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Scott Morrison walking off stage with his arms folded and head down.
Scott Morrison exists stage right after losing the Australian election. EPA/Dean Lewins

Four reasons the UK Conservative Party should be worried about Australia’s recent election result

In their recent election, Australians voted out their incumbent government, a long-standing coalition between two conservative parties. In its place, the Australian Labor Party (ALP) formed a government, despite a declining vote share of 30%. Seats were gained by the Australian Greens and, most notably, a swath of independent MPs, who together make up just over 10% of the 151-seat lower house.

If it is true that governments lose elections rather than oppositions winning them, then there are four reasons that the outcome of the Australian election should make Conservative MPs in the UK worried.

1. Integrity in politics

Integrity in politics was a key issue that drove many moderate voters away from the incumbent Liberal Party and towards independent candidates in affluent urban seats. Yet instances of dishonesty in Australian politics pale in comparison to the recent partygate scandal in the UK. The fact that the rural city of Wangaratta gained a new clay pigeon shooting range as a result of pork-barrelling seems like small beer compared to the revelations surrounding Boris Johnson’s breaking of lockdown rules.

Importantly, the issue of integrity (or its absence) adhered to the leaders. The six-week election campaign became focused on the two main party leaders’ characters. The incumbent prime minister, Scott Morrison, was an excellent campaigner, but was mistrusted amongst large parts of the electorate. French president Emmanuel Macron’s well known verdict on whether he thought Morrison was a liar – “I don’t think, I know” – was widely shared.

Morrison became an electoral liability in affluent seats, where moderates deserted him and his party for independent candidates. The same could become true for Johnson. There are already signs of a similar shift in the UK, where Liberal Democrats have taken votes from the Conservatives in local and by-elections, most notably in the immediate aftermath of scandals involving questions of integrity.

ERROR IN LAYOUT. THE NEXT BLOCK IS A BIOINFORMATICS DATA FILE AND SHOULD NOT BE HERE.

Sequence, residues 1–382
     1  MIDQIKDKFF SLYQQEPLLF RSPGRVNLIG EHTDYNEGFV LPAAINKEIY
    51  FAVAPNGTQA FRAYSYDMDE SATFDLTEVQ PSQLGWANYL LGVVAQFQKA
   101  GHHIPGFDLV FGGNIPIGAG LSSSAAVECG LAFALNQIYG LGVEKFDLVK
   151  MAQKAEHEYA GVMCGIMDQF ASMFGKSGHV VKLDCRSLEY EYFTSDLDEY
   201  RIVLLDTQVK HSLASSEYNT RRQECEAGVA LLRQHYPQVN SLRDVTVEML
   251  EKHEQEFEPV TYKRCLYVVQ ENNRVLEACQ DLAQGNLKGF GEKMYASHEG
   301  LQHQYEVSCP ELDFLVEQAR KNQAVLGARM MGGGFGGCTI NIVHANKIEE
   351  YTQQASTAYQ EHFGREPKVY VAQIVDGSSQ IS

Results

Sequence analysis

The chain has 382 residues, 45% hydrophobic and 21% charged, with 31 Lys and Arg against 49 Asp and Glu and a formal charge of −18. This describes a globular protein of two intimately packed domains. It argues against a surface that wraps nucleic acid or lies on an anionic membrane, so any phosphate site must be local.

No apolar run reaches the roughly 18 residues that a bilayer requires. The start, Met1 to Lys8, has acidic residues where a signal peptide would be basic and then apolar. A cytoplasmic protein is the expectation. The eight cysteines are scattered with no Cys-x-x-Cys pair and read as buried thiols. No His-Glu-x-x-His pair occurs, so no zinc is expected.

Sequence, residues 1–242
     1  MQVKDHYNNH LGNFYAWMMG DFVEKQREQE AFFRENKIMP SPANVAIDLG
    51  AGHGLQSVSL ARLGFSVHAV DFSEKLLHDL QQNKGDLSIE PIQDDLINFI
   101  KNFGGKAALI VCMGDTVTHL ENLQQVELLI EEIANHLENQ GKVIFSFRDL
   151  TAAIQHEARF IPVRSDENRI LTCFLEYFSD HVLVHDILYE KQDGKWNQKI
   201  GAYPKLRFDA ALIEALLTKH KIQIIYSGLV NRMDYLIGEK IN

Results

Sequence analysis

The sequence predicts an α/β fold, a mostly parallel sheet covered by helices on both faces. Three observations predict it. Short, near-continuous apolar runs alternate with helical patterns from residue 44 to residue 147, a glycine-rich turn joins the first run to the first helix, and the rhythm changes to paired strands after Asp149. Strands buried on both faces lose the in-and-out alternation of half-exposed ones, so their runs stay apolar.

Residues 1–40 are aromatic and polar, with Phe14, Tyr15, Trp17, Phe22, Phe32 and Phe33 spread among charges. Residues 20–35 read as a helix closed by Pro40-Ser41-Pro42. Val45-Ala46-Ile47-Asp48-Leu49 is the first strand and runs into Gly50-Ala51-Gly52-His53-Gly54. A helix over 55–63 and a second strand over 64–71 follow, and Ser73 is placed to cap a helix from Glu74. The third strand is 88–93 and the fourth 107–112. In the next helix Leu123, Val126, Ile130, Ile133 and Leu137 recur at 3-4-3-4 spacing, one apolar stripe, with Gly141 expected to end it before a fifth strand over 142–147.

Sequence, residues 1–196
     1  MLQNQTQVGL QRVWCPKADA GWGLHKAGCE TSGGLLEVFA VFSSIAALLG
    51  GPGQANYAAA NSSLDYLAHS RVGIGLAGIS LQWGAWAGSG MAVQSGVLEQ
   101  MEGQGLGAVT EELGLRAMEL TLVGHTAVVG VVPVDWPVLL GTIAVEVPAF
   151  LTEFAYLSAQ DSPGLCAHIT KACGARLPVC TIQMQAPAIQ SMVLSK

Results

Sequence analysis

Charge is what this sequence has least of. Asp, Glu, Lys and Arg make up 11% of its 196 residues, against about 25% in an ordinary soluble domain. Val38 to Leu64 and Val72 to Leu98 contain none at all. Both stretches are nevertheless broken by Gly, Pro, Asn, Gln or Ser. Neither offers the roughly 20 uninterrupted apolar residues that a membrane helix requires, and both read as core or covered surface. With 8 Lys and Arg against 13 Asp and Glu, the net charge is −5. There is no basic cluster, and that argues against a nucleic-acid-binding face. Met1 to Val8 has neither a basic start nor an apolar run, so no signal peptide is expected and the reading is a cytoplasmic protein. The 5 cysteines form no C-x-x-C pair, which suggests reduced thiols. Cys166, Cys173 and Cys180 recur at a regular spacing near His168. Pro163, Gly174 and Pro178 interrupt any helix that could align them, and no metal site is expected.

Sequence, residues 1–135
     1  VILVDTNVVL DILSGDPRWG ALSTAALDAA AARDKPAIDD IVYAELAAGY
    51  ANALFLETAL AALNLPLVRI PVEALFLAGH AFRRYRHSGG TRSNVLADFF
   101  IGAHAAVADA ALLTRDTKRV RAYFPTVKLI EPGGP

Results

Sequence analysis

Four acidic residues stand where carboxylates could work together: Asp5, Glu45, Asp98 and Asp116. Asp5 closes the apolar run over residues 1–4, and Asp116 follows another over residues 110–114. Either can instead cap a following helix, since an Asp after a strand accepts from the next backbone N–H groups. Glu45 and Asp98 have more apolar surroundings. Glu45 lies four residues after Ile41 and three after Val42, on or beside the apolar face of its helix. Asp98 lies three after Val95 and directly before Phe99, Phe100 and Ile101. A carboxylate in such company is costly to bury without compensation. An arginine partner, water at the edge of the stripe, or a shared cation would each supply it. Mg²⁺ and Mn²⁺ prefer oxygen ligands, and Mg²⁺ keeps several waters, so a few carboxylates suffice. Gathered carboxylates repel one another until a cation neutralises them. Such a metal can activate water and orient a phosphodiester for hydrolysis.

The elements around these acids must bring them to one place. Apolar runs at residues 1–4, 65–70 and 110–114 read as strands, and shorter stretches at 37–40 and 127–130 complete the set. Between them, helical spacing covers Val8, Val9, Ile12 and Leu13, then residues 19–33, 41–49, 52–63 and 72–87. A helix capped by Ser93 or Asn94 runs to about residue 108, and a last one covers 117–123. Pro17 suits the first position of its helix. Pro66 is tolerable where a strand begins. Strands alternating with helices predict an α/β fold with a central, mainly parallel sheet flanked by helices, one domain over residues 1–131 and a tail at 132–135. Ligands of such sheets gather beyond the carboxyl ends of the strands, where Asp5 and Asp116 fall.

2. A misplaced ‘war on woke’

The second issue that drove moderate voters away from the government was the politics of climate change. Part of the Liberal Party’s poor strategising was to frame climate change as part of a culture war.

In this alternative universe, the anti-climate change elements in the government derided any concern with the environment as a contest between urban “latte sippers” and hardworking blue-collar male voters in rural regions or areas economically exposed to the transition to a non-carbon economy. The government also nailed its colours to the mast by steadfastly supporting a candidate in inner Sydney with derogatory views about members of the LGBTQ+ community.

These “war on woke” framings and tactics backfired. It suggests something similar could happen in Britain where Conservative strategists appear to be still fighting the previous culture war opened by Brexit. In this way they are seeking to keep the 2019 electoral coalition in place by stoking issues that they hope will pit younger, urban voters against those in the “red wall”.

3. A relatively unknown opposition leader

Despite being a poor campaigner, the leader of the ALP, Anthony Albanese (or “Albo” as it is now obligatory to call him), was able to win government for his party. This was despite the fact that the ALP went marginally backwards in terms of its vote share, part of a long-term trend affecting the two major parties.

Anthony Albanese celebrating his election win on stage with his partner and son.
Anthony Albanese: Australia’s new PM was relatively unknown. EPA/Bianca de Marchi

The lesson here is that even if the British public has not warmed to Labour leader Keir Starmer, when facing a mistrusted opponent this might not be the electoral liability that is often assumed.

4. The voting patterns of women

It has been interesting to chart the success of so many female independent candidates in the Australian election. We don’t yet know how the vote broke down by gender, but in the previous election fewer women voted for the Liberal Party than men. Similarly, in the UK in 2019 more women voted for Labour than men for the first time.

These shifts might have been used to inform some sensitive campaigning. Yet the Morrison government appeared to become only more estranged from women voters when it mishandled allegations of rape and sexual abuse in the Australian parliament. The Conservatives would be wise to pay closer attention to women voters, not least in the wake of anger over the murder of Sarah Everard and ongoing scandals over sexual misconduct in the British parliament.

Scott Morrison and Boris Johnson walking in a garden in between their national flags.
Morrison and Johnson met last year in London. EPA

Of course, the big difference between the positions of the conservative parties in Australia and the UK is the size of the Conservative majority at Westminster. The ousted conservative coalition in Australia operated on a majority of fewer than ten seats whereas Boris Johnson’s Conservatives have close to an 80-seat majority. What’s more, Australia has a compulsory voting system, so voters have to vote for someone, but in the UK they can just abstain, which would be to the current government’s advantage.

Nevertheless, the electoral fate of the Liberal Party of Australia – a sister party to the Conservatives – should give the latter pause for thought.

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